He has campaigned on that. I traveled with him summer to a factory in Milwaukee that was making charging stations for electric vehicles. But again, a lot of these projects are just getting off the ground. It's going to take a while for those things to have an impact on people's lived experiences.


Right. Okay, so, Reid, you're saying essentially that the typical strategy of an incumbent president, where you point to the things you've accomplished over your time in office, is not exactly working for Biden for a variety of reasons. But what about pointing to the thing that Biden would argue his presidency represents? The larger idea of democracy, upholding democratic norms and protecting them. That seems like a clear way to draw a contrast between himself and former President Trump that would be something his campaign would latch onto.


Right. I mean, if you remember when he ran in 2020, he talked about restoring the soul of America, and that after January sixth, It just became imbued with the idea of protecting democracy. But there wasn't anything really for Biden to do on that front other than talk about it. Even though the President has talked about democracy and talked about himself as the person upholding it. We haven't seen that voters are racing to back him because of that issue.


Reid, what does the polling say?


The polling says that people who are interested in democracy as an issue, they're interested in other issues more, usually. I think it's instructive to look at the midterm elections in Wisconsin, how Democrats attacked this issue when they were running against Ron Johnson, who was a senator who has been a fount of misinformation, who questioned the results of the election, cast doubts on what happened on January sixth. They did not run against him as an election denier or someone who was amplifying misinformation. Because every which way they tested it in polls and focus groups, they found that the most effective way of getting people to not vote for him was to talk about his economic record and not about his stance on democracy or misinformation. They ultimately, Ron Johnson won, and so they can have a debate about whether the strategy was right or not. But they had spent a lot of time and had a vested interest in defeating him and concluded that democracy was not the best way to do it.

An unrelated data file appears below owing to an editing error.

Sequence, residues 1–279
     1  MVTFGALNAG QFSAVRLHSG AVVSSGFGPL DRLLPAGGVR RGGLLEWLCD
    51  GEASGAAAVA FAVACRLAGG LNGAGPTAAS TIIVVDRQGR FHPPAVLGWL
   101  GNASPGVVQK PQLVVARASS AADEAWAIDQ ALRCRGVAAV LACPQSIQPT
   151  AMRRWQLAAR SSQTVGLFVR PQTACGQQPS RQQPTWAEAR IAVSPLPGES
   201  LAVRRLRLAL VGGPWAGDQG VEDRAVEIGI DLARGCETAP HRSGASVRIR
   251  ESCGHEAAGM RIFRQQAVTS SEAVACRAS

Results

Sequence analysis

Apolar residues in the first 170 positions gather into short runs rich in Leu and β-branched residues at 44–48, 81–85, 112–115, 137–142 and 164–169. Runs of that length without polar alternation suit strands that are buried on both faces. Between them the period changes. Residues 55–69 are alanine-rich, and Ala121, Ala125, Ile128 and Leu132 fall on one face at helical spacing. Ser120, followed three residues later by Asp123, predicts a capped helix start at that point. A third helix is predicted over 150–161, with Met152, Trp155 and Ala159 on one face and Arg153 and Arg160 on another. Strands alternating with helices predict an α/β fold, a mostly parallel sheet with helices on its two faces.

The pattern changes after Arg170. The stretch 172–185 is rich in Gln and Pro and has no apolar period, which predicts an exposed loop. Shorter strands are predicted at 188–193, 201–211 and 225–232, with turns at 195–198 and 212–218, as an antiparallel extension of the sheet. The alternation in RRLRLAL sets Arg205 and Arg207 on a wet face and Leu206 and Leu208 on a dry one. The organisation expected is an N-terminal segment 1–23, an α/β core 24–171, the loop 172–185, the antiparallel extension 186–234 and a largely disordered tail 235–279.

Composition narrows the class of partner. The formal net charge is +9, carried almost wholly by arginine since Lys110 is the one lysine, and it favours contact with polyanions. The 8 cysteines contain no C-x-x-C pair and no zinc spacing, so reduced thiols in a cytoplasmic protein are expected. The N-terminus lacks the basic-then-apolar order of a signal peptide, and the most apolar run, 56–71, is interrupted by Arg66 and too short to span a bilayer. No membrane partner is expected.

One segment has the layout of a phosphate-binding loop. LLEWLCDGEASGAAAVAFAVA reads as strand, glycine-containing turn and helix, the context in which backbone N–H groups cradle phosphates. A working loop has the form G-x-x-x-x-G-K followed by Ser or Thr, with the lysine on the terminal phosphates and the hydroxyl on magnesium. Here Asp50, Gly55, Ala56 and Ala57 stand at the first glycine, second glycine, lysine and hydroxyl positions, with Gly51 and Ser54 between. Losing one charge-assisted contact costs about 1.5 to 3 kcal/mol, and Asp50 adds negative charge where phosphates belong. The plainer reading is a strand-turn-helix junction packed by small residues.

That's really interesting. That democracy, I guess, is just this abstract thing that doesn't necessarily, on its own as a word, mean much to people.


Well, and what they found in Wisconsin was that any voter who cared about democracy as an issue was already going to vote for the Democratic candidate.


Okay, so democracy, not really a thing for swing voters, not an arrow he can put in his quiver. What about the fact that Trump is facing multiple indictments? I mean, come March, he's scheduled to be on trial in federal court, right? Is that a strength for Biden? I mean, something he'd want to sell on the campaign trail?


This is the trickiest issue for Joe Biden as he's running for re-election. Joe Biden has said from the beginning that he will not interfere or discuss Donald Trump's legal issues because he ran for President on the idea of restoring the independence of the Justice Department, and he does not want to back off of that in any way. Despite what Trump says on a daily basis, where he is blaming Biden for the prosecution of him, Biden does not want to give that any credence. So he doesn't talk about it. He has instructed his campaign not to talk about it. He's instructed the Democratic National Committee not to talk about it. And so the The biggest organizations that are devoted to re-electing Joe Biden President and his White House have taken a collective vow of silence on the biggest thing concerning Donald Trump in the next year.


In other words, he doesn't want to be seen as having put his thumb on the scale with his Justice Department in these federal prosecutions of Trump. Right. Okay, so you've laid out this list of would-be strengths that are functioning really at this point as weaknesses for Biden, things he wants to talk about but really can't, which leads me to wonder if his strengths are this weak. What about his actual weaknesses? Tell me about those.